By Caroline Buddenhagen – Zimbabwe is in the midst of a political, economic and humanitarian crisis and has become increasingly isolated from the rest of the world. Octogenarian President Robert Mugabe has taken the country from the bread basket of southern Africa to the verge of state failure. But the West has few policy instruments with which it can respond, and those that are available are often double edged.
Mugabe’s program of seizing white-owned farms for redistribution to landless black Zimbabweans has crippled the agriculture-based economy. Leaked documents from Zimbabwe’s Central Statistics Office put inflation at 14,841 percent in October 2007. The office claims there have not been enough goods on store shelves to make estimates since then. An estimated 25 percent of Zimbabweans have migrated to the surrounding countries of South Africa, Botswana, and Zambia. Many make daily or weekly trips over the borders or depend on remittances. A quarter of those who remain survive on food aid from UN and international donors.
In response the West has opted for limiting aid and using targeted sanctions-travel bans and asset freezes against individual regime officials-along with public condemnation to push for reform. Sanctions can send an important signal both domestically and internationally to condemn human rights violations and political repression. It is not politically feasible for the US to turn a blind eye to Mugabe’s abuses and continue business as usual. But unless sanctions are carefully crafted, broadly supported, and coordinated with other reform efforts, they can have adverse consequences.
Targeted sanctions have largely succeeded in isolating Zimbabwe, but they have also strengthened Mugabe’s position domestically, as popular wisdom in the country is that sanctions are having a far greater effect than is actually the case. Bombarded with government propaganda and with limited access to other information, particularly in rural areas, many Zimbabweans accept Mugabe’s line that sanctions are the source of the country’s economic woes. Given the humanitarian concerns, Western donors are caught between providing vital assistance and the problem of funneling funds through the regime, which provides it with much needed hard currency.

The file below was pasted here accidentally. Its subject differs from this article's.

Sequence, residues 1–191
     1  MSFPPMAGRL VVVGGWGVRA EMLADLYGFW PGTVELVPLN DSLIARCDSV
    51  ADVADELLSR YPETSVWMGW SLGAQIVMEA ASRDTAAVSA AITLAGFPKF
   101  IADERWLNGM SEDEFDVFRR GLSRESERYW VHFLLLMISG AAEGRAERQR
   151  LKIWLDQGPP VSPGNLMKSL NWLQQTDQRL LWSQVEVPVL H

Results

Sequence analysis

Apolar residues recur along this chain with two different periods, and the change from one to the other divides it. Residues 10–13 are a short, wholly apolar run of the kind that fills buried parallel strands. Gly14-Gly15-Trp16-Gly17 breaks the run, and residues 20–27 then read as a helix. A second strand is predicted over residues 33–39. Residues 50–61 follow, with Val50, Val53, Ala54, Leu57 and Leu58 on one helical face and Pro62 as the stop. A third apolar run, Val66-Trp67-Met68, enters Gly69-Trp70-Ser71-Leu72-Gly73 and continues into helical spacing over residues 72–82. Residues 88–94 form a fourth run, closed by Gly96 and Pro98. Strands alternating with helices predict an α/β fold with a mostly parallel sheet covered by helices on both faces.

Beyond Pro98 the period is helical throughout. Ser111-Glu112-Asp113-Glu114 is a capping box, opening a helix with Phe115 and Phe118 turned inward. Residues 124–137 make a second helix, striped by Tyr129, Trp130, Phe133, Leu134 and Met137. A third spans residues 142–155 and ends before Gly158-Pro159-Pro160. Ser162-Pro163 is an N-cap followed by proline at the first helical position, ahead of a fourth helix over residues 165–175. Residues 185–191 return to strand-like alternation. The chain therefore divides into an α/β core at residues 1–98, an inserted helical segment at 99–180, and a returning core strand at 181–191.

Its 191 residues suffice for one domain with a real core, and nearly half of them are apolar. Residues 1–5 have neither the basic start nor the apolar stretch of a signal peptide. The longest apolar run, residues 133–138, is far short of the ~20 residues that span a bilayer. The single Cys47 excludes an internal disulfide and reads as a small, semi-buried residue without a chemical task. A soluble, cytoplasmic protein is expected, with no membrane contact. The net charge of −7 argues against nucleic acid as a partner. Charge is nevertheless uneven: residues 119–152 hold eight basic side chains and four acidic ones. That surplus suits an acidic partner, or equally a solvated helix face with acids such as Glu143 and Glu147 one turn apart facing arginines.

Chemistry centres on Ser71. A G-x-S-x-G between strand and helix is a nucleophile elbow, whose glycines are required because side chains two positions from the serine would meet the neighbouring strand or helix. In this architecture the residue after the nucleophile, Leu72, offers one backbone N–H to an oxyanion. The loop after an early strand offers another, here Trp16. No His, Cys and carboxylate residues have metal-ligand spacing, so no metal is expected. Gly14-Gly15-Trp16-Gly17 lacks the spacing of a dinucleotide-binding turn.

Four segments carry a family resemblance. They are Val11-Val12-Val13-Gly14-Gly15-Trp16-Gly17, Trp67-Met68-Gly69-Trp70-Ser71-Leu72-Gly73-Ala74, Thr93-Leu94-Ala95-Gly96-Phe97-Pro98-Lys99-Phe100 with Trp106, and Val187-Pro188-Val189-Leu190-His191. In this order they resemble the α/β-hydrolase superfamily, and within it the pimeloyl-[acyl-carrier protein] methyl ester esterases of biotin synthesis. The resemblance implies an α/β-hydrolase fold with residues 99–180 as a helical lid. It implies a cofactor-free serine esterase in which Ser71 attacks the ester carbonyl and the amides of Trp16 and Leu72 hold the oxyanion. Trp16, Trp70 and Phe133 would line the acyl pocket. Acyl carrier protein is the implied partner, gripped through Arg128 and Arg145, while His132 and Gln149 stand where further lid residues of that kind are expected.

The US and European Union have sought to balance sanctions by outsourcing policy to regional organizations, including the Southern African Development Community (SADC), which has nominated South African President Thabo Mbeki to lead negotiations between Mugabe’s regime and opposition parties. More overt Western pressure on Zimbabwe has often backfired. Some Africans see echoes of a colonial struggle in Mugabe’s defiance of Western influence, while leaders from nearby states such as Angola and Namibia refuse to condemn authoritarian behavior of which they might also be accused. When British Prime Minister Gordon Brown said he would boycott the EU-Africa summit that opened in Lisbon on December 8 to protest Mugabe’s human rights record, African leaders rallied around Mugabe and threatened to boycott if he did not attend. (Mugabe attended; Brown did not.)
South Africa, a key US ally in Africa, is the region’s best hope for a brokered solution. President Mbeki has placed a premium on African solutions to African problems, showing a characteristic aversion to Western involvement and solidarity with Mugabe, his fellow liberation leader. Because Mbeki has largely failed to criticize Mugabe’s regime, pursuing instead a policy of “quiet diplomacy,” South Africa retains some leverage that the West lacks. There are also strong emotional, historical and organizational ties between the parties leading the two countries. Although present internal political currents are hard to discern, if there is change, the likelihood is that Pretoria will have to lead the way.
Caroline Buddenhagen is with the Security for a New Century Study Group at the Stimson Center.